Marc Mayer unchained: National Gallery director ready for a new future

Marc Mayer's last day on the job is Jan. 18. Photo courtesy National Gallery of Canada

Marc Mayer is a man unbound, or at least he looks like one.

Mayer sits in his office at the National Gallery of Canada, where his last day as director is Jan. 18, and he’s relaxed. Amid the high shelves of heavy art books, looking out at the grand view of Parliament Hill, he almost seems younger than he did when he was appointed director 10 years ago — a bit of trompe l’oiel at work there, one might say, with his hair grown longer in the past year or so, his beard looser and hipper, and dressed in blue jeans and open collar. 

“I’ve never felt so confident and so top form, ahead of my game,” he says. “I’m in great shape right now intellectually, and as far as experience goes. . . I’m feeling very good.”

And why shouldn’t he feel good? The Mayer decade at the gallery has had its successes. There were tremendous exhibitions  — Caravaggio, Èlizabeth Louise Vigée LeBrun, the biennials of new Canadian acquisitions, etc.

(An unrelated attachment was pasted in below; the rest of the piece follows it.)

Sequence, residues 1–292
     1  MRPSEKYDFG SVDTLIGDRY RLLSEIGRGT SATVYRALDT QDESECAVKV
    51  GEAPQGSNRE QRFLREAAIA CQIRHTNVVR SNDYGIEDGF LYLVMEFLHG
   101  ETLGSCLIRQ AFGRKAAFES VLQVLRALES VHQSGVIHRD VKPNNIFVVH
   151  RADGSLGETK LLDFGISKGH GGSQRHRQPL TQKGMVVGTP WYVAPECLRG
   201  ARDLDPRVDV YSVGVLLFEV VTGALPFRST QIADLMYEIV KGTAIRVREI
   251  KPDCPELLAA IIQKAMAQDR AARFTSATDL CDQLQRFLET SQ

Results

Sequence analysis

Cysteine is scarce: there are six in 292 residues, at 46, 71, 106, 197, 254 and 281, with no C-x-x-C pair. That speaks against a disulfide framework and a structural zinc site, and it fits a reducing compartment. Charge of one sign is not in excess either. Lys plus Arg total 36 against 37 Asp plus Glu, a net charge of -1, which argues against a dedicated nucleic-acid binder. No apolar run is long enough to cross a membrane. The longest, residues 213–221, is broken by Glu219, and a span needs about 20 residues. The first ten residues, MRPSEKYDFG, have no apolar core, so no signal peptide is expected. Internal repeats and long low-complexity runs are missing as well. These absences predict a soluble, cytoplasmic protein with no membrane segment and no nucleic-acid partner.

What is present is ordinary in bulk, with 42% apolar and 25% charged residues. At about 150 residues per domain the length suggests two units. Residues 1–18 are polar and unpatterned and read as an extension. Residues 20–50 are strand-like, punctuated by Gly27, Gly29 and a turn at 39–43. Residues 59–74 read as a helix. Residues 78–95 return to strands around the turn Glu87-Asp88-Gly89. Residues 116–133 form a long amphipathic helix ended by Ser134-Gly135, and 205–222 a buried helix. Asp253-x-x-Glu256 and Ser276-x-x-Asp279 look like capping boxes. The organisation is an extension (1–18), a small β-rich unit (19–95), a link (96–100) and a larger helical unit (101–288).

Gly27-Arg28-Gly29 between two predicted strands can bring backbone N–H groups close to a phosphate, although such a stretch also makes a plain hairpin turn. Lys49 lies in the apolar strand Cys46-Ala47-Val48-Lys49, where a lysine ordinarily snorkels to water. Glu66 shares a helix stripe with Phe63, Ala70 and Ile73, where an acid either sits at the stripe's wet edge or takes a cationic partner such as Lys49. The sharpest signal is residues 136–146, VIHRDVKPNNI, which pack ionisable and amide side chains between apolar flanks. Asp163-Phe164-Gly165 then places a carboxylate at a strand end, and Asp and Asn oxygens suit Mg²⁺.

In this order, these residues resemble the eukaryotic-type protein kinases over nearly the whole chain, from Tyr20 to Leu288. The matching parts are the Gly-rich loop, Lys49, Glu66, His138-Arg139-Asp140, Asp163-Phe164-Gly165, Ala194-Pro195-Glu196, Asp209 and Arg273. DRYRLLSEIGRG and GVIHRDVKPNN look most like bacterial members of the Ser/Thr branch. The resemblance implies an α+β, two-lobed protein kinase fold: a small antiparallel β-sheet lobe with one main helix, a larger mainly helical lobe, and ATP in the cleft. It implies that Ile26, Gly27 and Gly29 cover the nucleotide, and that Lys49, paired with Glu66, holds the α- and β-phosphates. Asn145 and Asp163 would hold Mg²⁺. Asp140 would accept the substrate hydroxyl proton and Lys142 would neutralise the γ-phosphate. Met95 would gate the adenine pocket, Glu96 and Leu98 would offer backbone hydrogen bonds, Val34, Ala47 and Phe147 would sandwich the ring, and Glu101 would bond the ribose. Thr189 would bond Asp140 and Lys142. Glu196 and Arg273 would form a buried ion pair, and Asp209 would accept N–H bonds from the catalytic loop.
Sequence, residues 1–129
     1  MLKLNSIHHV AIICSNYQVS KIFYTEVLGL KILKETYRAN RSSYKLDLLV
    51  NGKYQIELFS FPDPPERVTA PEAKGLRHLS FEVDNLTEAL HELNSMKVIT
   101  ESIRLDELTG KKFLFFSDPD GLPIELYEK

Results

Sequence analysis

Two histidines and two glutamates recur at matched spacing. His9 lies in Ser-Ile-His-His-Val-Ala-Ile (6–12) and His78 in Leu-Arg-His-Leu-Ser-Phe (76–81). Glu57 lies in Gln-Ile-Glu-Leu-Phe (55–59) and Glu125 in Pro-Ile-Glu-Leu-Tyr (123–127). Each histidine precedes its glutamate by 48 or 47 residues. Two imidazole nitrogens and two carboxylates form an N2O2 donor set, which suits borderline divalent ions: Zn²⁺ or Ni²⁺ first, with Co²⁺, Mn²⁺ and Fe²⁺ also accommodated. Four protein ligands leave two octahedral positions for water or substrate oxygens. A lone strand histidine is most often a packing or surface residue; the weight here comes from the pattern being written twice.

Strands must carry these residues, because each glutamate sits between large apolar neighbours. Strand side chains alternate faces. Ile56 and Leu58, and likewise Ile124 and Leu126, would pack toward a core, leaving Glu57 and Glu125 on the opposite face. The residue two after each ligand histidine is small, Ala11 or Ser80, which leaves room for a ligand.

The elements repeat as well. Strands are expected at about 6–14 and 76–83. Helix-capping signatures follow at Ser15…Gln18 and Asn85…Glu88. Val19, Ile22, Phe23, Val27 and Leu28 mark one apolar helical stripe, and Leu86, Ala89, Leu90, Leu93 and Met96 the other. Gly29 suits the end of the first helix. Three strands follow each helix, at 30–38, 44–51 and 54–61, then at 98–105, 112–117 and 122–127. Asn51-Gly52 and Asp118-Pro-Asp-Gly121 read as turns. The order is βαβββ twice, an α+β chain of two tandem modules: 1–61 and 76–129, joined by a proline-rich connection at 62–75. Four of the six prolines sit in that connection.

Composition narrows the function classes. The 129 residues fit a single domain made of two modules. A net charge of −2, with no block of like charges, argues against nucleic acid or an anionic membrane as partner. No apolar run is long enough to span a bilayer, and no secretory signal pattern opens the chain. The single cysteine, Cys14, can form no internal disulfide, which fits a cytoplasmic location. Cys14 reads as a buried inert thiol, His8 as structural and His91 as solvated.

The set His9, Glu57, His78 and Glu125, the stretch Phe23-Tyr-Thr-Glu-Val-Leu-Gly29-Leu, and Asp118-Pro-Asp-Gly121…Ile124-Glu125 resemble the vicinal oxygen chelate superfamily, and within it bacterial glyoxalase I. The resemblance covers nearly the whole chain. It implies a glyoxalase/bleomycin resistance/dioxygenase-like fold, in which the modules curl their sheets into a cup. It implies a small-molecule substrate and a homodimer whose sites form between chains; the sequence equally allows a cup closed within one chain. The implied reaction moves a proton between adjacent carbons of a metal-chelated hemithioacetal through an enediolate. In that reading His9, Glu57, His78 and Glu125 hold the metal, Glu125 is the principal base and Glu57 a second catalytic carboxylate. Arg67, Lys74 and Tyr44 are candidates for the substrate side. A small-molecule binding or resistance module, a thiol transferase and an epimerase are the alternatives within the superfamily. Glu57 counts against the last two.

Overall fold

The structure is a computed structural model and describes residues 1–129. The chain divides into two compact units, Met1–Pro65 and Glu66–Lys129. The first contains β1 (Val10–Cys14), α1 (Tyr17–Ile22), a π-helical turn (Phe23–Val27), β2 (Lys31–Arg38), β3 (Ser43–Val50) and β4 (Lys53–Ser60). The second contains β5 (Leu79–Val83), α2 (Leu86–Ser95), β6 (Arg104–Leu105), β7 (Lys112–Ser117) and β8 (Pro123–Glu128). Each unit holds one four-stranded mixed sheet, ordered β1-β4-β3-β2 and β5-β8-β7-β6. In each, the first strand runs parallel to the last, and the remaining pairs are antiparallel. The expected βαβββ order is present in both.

There were major acquisitions, most notably those that are outdoors and seen by thousands of passersby daily, including Roxy Paine’s One Hundred Foot Line, that lightning bolt of glorious metal in the backyard and Joe Fafard’s Running Horses. To bring the art outside is to bring it to the people and, one hopes, lure them inside. And perhaps it’s working as attendance has increased in the second half of his mandate.

There’s been the continued push of Indigenous art into the permanent collection, which was widely seen as long overdue long before Mayer came to town. Another exhibition highlight was 2013’s Sakahan, a huge collection of Indigenous work from around the world. 

Making Indigenous art “one of our key priorities” is fundamental to the gallery’s existence, Mayer says, for the “confrontation (of) two radically different cultures” is Canada’s story, “and that’s the story we need to tell.” Today the gallery is “one of the power nodes for Indigenous art in the world. I don’t think anyone could have said that 10 years ago.” 

The Canadian pavilion at the Venice Biennale saw a much-needed major renovation, which is an important investment in raising Canada’s art reputation globally. 

Private fundraising increased over the decade, he says, led by donors such as David Thomson and the Sobey family. Meanwhile, the federal bucks that are the bulk of the gallery’s budget did not grow, and that has lingering costs. The gallery’s work is, Mayer says,  “getting harder and harder to do with the few remaining people we have here after all the layoffs in the first five years of my mandate.”